management of acute sinusitis in primary care

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People presenting with symptoms for around 10 days or less

  • do not offer an antibiotic prescription.
  • give advice about:
    • the usual course of acute sinusitis (2 to 3 weeks)
    • an antibiotic not being needed
    • managing symptoms, including fever, with self-care
    • seeking medical help if symptoms worsen rapidly or significantly, do not improve after 3 weeks, or they become systemically very unwell
  • reassess if symptoms worsen rapidly or significantly, taking account of:
    • alternative diagnoses such as a dental infection
    • any symptoms or signs suggesting a more serious illness or condition (1)

People presenting with symptoms for around 10 days or more with no improvement

  • consider prescribing a high-dose nasal corticosteroid for 14 days for adults and children aged 12 years and over, being aware that nasal corticosteroids:
    • may improve symptoms but are not likely to affect how long they last
    • could cause systemic effects, particularly in people already taking another corticosteroid
    • may be difficult for people to use correctly
  • consider no antibiotic prescription or a back-up antibiotic prescription, taking account of:
    • evidence that antibiotics make little difference to how long symptoms last, or the proportion of people with improved symptoms
    • withholding antibiotics is unlikely to lead to complications
    • possible adverse effects, particularly diarrhoea and nausea
    • factors that might make a bacterial cause more likely
  • when a back-up antibiotic prescription is given, give verbal and written advice about:
    • managing symptoms, including fever, with self-care
    • an antibiotic not being needed immediately
    • using the back-up prescription if symptoms do not improve within 7 days or if they worsen rapidly or significantly at any time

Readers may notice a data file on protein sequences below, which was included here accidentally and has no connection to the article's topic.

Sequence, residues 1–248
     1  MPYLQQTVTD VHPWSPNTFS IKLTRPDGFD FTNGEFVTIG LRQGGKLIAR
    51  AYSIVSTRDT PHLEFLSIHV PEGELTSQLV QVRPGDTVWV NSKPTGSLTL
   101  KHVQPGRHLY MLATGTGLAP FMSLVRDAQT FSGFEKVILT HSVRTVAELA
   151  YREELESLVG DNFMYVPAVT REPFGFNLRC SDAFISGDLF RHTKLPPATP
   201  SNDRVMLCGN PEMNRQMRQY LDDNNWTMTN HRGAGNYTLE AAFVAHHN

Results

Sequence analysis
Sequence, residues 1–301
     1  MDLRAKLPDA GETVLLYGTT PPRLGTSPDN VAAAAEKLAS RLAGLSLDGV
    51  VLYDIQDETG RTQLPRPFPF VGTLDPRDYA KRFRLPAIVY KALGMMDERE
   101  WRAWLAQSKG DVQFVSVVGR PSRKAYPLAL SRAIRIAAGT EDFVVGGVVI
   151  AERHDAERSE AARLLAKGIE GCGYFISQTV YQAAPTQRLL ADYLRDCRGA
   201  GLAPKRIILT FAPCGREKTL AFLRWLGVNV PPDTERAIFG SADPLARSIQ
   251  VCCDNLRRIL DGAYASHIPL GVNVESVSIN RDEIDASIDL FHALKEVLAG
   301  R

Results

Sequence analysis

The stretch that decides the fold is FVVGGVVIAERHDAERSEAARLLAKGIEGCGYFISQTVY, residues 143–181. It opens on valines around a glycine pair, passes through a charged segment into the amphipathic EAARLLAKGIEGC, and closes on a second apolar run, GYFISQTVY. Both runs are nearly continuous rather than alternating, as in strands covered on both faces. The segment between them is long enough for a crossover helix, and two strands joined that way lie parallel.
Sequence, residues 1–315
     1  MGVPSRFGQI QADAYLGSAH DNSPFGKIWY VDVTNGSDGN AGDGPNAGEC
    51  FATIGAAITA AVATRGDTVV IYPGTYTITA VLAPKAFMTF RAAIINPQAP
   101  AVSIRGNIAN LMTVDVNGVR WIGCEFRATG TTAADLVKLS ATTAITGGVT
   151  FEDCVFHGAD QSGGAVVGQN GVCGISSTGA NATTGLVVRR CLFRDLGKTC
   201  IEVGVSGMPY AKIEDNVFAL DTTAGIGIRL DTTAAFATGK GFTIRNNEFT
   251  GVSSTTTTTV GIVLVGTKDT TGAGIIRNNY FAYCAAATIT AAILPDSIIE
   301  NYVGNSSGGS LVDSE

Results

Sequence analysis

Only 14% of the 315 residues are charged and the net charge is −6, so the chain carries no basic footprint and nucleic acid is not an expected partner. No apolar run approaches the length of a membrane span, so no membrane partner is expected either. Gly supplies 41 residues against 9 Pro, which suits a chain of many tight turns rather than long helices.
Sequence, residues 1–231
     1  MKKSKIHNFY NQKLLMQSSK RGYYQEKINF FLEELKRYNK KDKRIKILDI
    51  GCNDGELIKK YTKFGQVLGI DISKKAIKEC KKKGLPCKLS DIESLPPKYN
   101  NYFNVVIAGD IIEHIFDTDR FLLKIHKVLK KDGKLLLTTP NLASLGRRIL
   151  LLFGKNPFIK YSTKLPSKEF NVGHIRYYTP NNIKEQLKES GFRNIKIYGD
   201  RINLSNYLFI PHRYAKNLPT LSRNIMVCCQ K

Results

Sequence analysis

• seeking medical help if symptoms worsen rapidly or significantly despite taking the antibiotic, or the antibiotic has been stopped because it was not tolerated.
  • reassess if symptoms worsen rapidly or significantly despite taking treatment, taking account of:
    • alternative diagnoses such as a dental infection
    • any signs or symptoms suggesting a more serious illness or condition
    • previous antibiotic use, which may lead to resistant organisms (1)

People presenting at any time who are systemically very unwell, have symptoms and signs of a more serious illness or condition, or are at high risk of complications

  • offer an immediate antibiotic prescription or further appropriate investigation and management
  • if the patient is at high risk of serious complications because of pre-existing comorbidity. This includes patients with significant heart, lung, renal, liver or
    neuromuscular disease, immunosuppression, cystic fibrosis, and young children who were born prematurely (2)
    • if the patient is older than 65 years with acute cough and two or more of the following criteria, or older than 80 years with acute cough and one or more of the following criteria:
      • hospitalisation in previous year
      • type 1 or type 2 diabetes
      • history of congestive heart failure
      • current use of oral glucocorticoids

  • refer people to hospital if they have symptoms and signs of acute sinusitis associated with any of the following:
    • a severe systemic infection
    • intraorbital or periorbital complications, including periorbital oedema or cellulitis, a displaced eyeball, double vision, ophthalmoplegia, or newly reduced visual acuity
    • intracranial complications, including swelling over the frontal bone, symptoms or signs of meningitis, severe frontal headache, or focal neurological signs.
Self-care
  • consider paracetamol or ibuprofen for pain or fever
  • explain that some people may wish to try nasal saline or nasal decongestants, although there is not enough evidence to show that they help to relieve nasal congestion.
  • explain that no evidence was found for using oral decongestants, antihistamines, mucolytics, steam inhalation, or warm face packs

Reference:

  1. National Institute for Health and Care Excellence (NICE) 2017. Sinusitis (acute): antimicrobial prescribing
  2. NICE (July 2008). Respiratory tract infections (selflimiting): prescribing antibiotics

Last edited 03/2020 and last reviewed 05/2022

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